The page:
So that settles the issue, right?  Well, actually not.  My atheist naysayers has further complaints.  After all, if the things the gospels said were actually true, Josephus would surely have written more than a paragraph about them.  For some reason, this fellow had a fixation on the Slaughter of the Innocents by King Herod as described in Matthew 2:16-18.  If this event had occurred, the argument goes, ” it would have been the most spectacular event in Herod’s reign”.  That Josephus wouldn’t mention it is “impossible”, “unbelievable”, and “inconceivable”.  (You keep using that word, but I don’t think…)

Actually Jospehus not covering the Slaughter of the Innocents is quite possible, believable, and conceivable.  Josephus, like other ancient historians, wrote about powerful people and major events.  He did not write about things that affected only a town of peasants.  In his mind, that was not history and wasn’t worth recording.  Moreover, slaughters were frequent in those days.  The Roman Empire ruled by violence.  They killed people, in numbers small or large, in war or in peacetime, without any hesitation.  They did not need a reason to do it; they just did it.   So there was nothing irregular about the Slaughter of the Innocents that would demand that Josephus take note of it.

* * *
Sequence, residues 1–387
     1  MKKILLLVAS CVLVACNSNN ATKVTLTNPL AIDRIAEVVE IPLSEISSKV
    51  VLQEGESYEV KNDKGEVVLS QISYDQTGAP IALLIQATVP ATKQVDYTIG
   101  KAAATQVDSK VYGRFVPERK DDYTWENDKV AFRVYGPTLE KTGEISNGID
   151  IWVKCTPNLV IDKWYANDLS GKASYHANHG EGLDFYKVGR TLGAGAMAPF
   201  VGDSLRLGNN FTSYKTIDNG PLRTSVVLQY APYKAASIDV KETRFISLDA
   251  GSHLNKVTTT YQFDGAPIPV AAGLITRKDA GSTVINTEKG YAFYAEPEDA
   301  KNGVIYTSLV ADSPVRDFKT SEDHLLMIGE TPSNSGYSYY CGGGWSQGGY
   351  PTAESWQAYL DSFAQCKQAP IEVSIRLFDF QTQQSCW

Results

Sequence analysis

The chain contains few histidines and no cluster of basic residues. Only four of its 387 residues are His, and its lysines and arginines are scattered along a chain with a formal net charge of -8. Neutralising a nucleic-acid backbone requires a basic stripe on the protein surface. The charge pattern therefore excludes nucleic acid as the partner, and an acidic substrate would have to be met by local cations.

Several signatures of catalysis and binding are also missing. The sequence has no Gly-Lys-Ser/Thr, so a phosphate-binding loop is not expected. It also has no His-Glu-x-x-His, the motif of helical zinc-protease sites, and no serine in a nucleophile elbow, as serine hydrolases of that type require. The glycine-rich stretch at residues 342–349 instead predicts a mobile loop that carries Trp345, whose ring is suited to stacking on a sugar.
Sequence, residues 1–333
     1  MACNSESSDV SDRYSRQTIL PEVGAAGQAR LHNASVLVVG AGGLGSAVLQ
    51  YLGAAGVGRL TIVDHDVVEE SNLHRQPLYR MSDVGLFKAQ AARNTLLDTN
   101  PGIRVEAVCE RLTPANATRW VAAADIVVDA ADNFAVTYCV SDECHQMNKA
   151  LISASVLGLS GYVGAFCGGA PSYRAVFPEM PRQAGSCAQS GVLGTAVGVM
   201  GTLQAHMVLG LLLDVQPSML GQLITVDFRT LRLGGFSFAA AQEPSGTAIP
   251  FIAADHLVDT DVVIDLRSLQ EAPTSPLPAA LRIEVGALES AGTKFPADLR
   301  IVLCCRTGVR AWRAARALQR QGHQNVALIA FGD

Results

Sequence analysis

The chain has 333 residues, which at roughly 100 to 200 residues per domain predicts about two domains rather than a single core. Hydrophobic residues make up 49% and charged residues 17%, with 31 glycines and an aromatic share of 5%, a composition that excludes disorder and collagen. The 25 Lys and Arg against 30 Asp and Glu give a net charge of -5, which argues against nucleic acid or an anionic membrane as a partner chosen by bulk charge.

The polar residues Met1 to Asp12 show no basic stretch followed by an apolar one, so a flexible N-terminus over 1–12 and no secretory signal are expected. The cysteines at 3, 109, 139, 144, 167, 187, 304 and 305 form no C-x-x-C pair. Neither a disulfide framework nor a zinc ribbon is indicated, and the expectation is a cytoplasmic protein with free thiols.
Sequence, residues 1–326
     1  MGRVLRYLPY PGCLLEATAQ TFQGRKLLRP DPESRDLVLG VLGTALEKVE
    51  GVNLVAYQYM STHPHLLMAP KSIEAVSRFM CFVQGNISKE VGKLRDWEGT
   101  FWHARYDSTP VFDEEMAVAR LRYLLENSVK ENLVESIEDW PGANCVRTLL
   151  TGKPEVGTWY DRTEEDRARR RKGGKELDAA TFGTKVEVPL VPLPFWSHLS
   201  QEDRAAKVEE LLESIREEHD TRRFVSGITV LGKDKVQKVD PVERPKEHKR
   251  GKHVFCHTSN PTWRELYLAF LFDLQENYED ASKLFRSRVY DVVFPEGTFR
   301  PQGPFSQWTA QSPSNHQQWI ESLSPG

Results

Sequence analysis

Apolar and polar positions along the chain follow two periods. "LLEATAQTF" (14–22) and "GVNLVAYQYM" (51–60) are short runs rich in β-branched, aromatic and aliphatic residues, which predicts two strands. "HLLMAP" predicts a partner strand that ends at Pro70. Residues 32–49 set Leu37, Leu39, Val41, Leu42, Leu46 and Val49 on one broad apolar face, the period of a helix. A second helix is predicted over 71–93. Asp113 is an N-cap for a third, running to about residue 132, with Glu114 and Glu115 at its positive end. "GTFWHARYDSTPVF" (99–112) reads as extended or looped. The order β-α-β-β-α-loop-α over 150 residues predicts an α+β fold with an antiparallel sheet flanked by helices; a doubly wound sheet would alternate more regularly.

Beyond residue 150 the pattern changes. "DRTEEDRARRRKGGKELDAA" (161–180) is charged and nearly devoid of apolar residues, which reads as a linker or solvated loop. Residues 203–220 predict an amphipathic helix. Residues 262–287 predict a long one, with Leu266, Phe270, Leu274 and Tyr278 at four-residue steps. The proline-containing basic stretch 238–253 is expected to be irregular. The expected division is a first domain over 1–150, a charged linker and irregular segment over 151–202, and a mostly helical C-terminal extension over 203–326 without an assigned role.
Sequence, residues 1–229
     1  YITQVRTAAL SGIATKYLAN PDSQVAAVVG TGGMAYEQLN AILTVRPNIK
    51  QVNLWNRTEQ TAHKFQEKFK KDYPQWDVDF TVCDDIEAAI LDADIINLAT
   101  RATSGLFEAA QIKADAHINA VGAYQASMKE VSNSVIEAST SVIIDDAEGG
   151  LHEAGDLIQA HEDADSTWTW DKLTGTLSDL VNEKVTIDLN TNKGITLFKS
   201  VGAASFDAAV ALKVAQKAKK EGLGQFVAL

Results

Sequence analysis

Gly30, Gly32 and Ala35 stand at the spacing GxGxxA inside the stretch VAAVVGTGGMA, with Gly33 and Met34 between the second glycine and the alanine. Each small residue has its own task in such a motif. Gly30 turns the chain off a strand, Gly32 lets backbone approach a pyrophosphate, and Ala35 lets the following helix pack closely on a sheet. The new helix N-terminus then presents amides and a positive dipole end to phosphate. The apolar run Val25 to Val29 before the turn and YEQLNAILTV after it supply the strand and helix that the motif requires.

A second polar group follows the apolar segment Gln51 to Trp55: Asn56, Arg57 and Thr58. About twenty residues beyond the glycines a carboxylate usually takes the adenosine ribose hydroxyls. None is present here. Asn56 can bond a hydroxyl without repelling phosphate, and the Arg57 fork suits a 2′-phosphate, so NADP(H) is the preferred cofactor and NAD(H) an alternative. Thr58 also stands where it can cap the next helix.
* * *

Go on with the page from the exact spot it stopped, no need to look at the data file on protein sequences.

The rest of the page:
To wrap up, for comic relief, I offer Chesterton’s take on the Slaughter of the Innocents:

A nice little poem

I’ve been on a rather negative spree of late, both on this blog and in real life.  I don’t think you can blame me.  The world has been on a negative spree of late.  Plunging stock markets, mass shootings in Norway, lethal heat waves, economic turmoil in Europe, ridiculous compromises on federal spending, …  In any case, I need something to cheer myself up and you probably do too.  Here’s a nice little poem that I remember from childhood.